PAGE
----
Lawyer for Junior Galette’s accuser criticizes decision not to prosecute him _lowres

Advocate file photo by SCOTT THRELKELD -- Saints outside linebacker Junior Galette brings down Baltimore running back Justin Forsett last season. NFL investigators have spoken to local prosecutors about whether Galette violated the league's personal conduct policy.

The misdemeanor domestic violence case against Saints pass rusher Junior Galette won’t be pursued in Kenner court, officials said Thursday night.

Kenner City Attorney Michael Power said a prosecutor in his office specializing in domestic violence, Howie Peters, on Thursday morning interviewed Galette and four other people who were at Galette’s home on Jan. 5, when police officers responded to a disturbance at the residence. From those interviews, Peters concluded that there was not a case he could prosecute because Galette’s accuser did not live at the house — Kenner’s domestic violence ordinance requires a victim and a defendant to co-habitate, Power said.

Among the witnesses on Thursday were people who had not been interviewed by Kenner police investigators but were produced for Peters, Power said.

There will also be no simple battery case pursued against a second man who was arrested at Galette’s house in the Place Pontchartrain subdivision the night of the altercation, Terrance Banks, Power said. Power added that he did not expect state prosecutors in Jefferson Parish — where Kenner is — would pursue a case against Galette on an alleged violation of a city ordinance.

In a statement released through the public relations firm Fletcher Rowley, Galette’s lawyer Ralph Whalen said he was informed by Peters about the refusal of the case against the Saints player.

“This confirms what we have said from the beginning about Junior Galette’s actions and character,” said Whalen, whose client has consistently denied any wrongdoing.

Power’s announcement and Whalen’s statement came hours after the woman who accused Galette of attacking her filed a civil lawsuit against the player in Jefferson Parish. The lawsuit alleged that Galette attacked her at the end of an abusive, live-in relationship during which she was trapped and even sexually assaulted by him and some of his Saints teammates, none of who were named.

Galette denied ever living with the woman, calling her a dancer who he invited to his house on Jan. 4 and who spent the night before becoming upset because of a disagreement over cab money.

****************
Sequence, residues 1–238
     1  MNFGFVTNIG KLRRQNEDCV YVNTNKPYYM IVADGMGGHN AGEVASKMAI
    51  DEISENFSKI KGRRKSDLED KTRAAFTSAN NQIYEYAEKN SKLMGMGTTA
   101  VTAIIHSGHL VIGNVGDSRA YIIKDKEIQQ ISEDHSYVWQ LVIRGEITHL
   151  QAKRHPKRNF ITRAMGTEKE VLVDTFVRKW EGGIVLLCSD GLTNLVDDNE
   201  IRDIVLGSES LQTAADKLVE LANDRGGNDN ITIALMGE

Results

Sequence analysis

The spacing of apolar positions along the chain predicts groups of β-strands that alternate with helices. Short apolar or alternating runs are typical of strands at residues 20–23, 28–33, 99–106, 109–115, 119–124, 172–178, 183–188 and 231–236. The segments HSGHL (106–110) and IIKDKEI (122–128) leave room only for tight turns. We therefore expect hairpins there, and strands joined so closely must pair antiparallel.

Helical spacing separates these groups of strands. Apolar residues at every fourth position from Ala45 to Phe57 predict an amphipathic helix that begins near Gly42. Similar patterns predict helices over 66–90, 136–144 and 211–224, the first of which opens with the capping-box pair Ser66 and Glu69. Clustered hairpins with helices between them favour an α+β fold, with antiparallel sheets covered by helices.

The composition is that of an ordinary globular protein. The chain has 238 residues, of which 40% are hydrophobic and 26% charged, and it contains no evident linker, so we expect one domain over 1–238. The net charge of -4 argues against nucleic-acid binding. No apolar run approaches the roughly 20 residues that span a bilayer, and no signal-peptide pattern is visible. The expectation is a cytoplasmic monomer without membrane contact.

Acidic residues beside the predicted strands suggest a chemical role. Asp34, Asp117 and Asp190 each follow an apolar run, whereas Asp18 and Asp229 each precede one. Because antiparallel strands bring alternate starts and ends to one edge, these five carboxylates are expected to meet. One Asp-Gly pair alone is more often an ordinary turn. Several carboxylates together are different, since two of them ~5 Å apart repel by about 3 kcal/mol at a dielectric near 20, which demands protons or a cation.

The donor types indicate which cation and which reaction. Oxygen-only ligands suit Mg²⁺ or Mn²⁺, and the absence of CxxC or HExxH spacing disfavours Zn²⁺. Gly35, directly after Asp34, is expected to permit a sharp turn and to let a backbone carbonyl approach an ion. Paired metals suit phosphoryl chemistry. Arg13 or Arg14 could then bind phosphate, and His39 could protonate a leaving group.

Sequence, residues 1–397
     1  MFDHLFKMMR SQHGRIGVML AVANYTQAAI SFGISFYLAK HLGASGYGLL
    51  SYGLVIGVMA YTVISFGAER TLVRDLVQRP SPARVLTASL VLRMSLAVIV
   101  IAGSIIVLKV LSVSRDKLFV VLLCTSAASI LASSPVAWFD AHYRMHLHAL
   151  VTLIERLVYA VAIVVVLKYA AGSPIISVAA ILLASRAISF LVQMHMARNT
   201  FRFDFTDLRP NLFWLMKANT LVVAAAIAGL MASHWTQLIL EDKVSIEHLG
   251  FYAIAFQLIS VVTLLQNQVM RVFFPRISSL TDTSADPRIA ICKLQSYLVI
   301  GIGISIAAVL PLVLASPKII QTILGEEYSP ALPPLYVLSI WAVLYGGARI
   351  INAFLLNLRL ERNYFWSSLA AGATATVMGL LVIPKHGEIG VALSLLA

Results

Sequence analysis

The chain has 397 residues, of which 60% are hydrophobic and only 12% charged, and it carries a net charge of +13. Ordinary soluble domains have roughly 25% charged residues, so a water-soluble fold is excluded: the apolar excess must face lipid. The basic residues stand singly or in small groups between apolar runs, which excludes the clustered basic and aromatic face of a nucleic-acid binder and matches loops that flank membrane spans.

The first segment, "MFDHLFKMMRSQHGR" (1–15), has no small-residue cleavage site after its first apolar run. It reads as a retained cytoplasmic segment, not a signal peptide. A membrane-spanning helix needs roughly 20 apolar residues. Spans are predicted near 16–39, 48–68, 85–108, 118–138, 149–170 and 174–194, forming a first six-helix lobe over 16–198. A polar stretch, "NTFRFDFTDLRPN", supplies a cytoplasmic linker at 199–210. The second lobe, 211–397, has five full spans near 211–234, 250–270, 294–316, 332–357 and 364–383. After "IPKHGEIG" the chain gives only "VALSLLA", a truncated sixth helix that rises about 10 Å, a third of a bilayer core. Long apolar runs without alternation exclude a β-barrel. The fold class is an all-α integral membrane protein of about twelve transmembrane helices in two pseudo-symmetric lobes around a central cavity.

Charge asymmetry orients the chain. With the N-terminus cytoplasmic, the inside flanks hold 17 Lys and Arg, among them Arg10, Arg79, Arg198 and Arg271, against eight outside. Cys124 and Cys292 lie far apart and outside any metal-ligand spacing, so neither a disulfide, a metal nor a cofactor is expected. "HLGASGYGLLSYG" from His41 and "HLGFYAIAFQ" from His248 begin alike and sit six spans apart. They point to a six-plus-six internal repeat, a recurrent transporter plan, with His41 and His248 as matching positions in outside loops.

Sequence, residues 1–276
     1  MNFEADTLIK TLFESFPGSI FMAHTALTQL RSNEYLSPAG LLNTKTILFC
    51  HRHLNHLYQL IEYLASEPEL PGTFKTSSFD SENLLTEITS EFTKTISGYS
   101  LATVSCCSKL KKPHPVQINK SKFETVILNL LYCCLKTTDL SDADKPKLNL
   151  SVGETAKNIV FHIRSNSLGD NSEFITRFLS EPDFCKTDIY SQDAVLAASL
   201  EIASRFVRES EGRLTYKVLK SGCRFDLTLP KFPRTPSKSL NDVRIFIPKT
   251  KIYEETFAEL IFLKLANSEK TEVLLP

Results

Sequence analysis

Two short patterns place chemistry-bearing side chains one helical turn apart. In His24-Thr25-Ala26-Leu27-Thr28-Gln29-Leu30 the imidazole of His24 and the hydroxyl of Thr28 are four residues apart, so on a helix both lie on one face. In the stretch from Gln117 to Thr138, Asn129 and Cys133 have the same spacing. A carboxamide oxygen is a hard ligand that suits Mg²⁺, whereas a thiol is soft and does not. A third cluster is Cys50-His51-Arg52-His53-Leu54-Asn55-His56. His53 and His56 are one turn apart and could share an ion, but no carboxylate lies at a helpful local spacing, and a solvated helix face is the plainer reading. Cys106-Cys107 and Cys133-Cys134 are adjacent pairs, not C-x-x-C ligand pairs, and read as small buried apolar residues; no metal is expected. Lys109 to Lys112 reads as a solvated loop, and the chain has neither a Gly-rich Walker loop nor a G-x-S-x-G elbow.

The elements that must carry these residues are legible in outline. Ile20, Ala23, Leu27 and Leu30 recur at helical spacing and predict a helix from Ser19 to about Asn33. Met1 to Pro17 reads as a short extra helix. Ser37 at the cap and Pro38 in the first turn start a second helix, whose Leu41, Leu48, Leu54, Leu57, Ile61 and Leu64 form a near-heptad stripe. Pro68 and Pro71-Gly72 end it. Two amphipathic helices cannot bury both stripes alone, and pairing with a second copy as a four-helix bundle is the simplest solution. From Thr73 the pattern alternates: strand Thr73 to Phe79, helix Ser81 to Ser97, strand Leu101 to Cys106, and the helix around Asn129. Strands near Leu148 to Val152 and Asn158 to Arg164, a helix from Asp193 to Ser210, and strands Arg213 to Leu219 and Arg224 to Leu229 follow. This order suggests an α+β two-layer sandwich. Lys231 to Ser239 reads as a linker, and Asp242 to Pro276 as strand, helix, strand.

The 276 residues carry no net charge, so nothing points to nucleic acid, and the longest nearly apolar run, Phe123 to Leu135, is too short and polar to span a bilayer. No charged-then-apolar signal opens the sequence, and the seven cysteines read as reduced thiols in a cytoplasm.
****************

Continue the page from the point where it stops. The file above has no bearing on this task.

Joe Raspanti, the lawyer for Galette’s accuser, said on Thursday that he and his client would proceed with their civil suit despite the Kenner City Attorney Office’s decision.

The only crime police in Kenner booked Galette with when they responded to the altercation at his home involving the lawsuit’s plaintiff was simple battery related to domestic violence.

A Kenner police spokesman on Thursday said Galette’s accuser had not relayed any of the allegations in her civil lawsuit to officers conducting the initial investigation into the Jan. 5 altercation.

Separate from the incident at Galette’s house, on Jan. 12 in Kenner, Banks and two other people were arrested for alleged illegal possession of drugs. Banks coincidentally was driving Galette’s car when he was stopped for having “extremely dark-tinted windows.” Galette was not with Banks or the others who were arrested on Jan. 12.

Power could not say whether those arrested with Banks on Jan. 12 were interviewed by Peters on Thursday. Banks has been described as Galette’s cousin and former college football teammate.

Whalen said the Galette’s accuser filed suit after she had unsuccessfully demanded a $2 million settlement in writing. Whalen portrayed the lawsuit “as a shakedown attempt,” and Galette has consistently denied any wrongdoing.

Raspanti on Thursday did not dispute that he had sent a letter dated Jan. 26 proposing a $2 million settlement in the matter.

Galette’s initial court appearance in Kenner had been set for Feb. 26. He had been facing the possibility of being suspended for several NFL games in 2015 under a personal conduct policy the league adopted in December, and a dropped criminal case might reduce his chances of being disciplined.